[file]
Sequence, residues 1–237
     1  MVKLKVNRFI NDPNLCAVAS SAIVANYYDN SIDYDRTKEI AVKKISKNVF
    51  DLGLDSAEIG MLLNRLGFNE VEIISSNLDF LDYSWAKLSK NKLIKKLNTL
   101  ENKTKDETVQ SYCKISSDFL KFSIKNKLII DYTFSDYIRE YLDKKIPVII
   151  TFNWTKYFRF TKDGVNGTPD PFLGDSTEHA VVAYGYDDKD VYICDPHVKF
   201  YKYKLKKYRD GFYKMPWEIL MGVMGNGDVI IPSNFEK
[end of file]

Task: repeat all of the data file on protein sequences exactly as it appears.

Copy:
Sequence, residues 1–237
     1  MVKLKVNRFI NDPNLCAVAS SAIVANYYDN SIDYDRTKEI AVKKISKNVF
    51  DLGLDSAEIG MLLNRLGFNE VEIISSNLDF LDYSWAKLSK NKLIKKLNTL
   101  ENKTKDETVQ SYCKISSDFL KFSIKNKLII DYTFSDYIRE YLDKKIPVII
   151  TFNWTKYFRF TKDGVNGTPD PFLGDSTEHA VVAYGYDDKD VYICDPHVKF
   201  YKYKLKKYRD GFYKMPWEIL MGVMGNGDVI IPSNFEK